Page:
Saturday, 4 May 2013

Lord Rama's Footsteps

The walkway to Villondi Teertham, a sweet-water well that appears mysteriously in the midst of the ocean.

Lord Rama's Footsteps


There is not a state in India that does not have a connection to the Ramayana. The scenes from the epic have covered virtually every land in the country. A forest lends a sacred touch, a river has a holy spring, and even the waves of the seas narrate the Lord’s name. Little shrines tell you legends of Rama’s presence. And his footprints are etched in the sands of time.Following Rama’s footsteps, I land in Rameshwaram, one of the most spiritual and mystical lands in South India, the setting of the legendary epic. This is where Rama and his army built a bridge across the oceans to defeat Ravana. This is also where he returned after a victorious battle and prayed to Lord Shiva to absolve him of any sin accrued during the war.
Every shrine here brings the Ramayana alive. But it is the ocean that fascinates me. The first view that one gets of Rameshwaram is the Pamban Bridge, which fan out across the ocean. Located at the tip of the Indian peninsula in the Gulf of Mannar, Rameshwaram is locked in an island connected to the mainland by the bridge. The waters change colours from emerald to sapphire blue. There is also geological evidence that there might have been a land connection across the sea to Sri Lanka. There is a mild flutter, a gentle vibration, as a few vehicles rush past me, oblivious to the grandeur of nature. I gaze at the sea as the many shades of blue merge with the foam and every wave takes on a different hue. These oceans take me on a trail of the Ramayana, where tanks and temples built on their shores fill you with tales.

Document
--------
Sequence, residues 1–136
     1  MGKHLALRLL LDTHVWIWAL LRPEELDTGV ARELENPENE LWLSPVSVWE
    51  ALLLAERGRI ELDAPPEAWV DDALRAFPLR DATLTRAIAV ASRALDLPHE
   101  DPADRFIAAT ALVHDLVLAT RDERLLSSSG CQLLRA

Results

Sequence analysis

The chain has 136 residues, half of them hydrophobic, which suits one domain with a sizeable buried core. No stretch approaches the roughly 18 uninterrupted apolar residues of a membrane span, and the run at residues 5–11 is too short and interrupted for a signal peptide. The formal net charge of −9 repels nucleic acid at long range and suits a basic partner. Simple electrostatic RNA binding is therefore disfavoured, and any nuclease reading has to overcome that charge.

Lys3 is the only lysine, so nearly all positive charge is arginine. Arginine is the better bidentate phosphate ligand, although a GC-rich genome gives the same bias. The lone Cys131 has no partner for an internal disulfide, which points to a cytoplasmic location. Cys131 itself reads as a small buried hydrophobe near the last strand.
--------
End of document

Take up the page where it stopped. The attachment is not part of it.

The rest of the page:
It is afternoon and the blue skies look grey and the sea is choppy. The ocean parts ways as the road takes us to a small temple which seems to have been renovated. We climb some steps and look out through the arches at the sea. Another flight of steps takes me to the terrace. It is the highest point in Rameshwaram. I look out to see the sea stretching out in the horizon bordered by greenery and somewhere in the distance is the washed-away town of Dhanushkodi and even beyond that is Sri Lanka. It takes a moment to sink in. This is where I am told Rama surveyed the sea in front of him and his enemy on the other shore. I have followed his footsteps as I am standing in the temple where Rama’s “padam” or footprints are placed on a chakra.The RamanathaswamyTemple stands tall inside the town as devotees make their way to cleanse themselves with a sacred bath at the 22 wells or teerthams that surround it. Rameshwaram, I am told, has close to 64 theerthams and the holy water is stored in wells, ponds, tanks and one of them, the Agni Theertham, is the sea itself. Even today, it is believed that the tanks around the temple have a perennial source of water.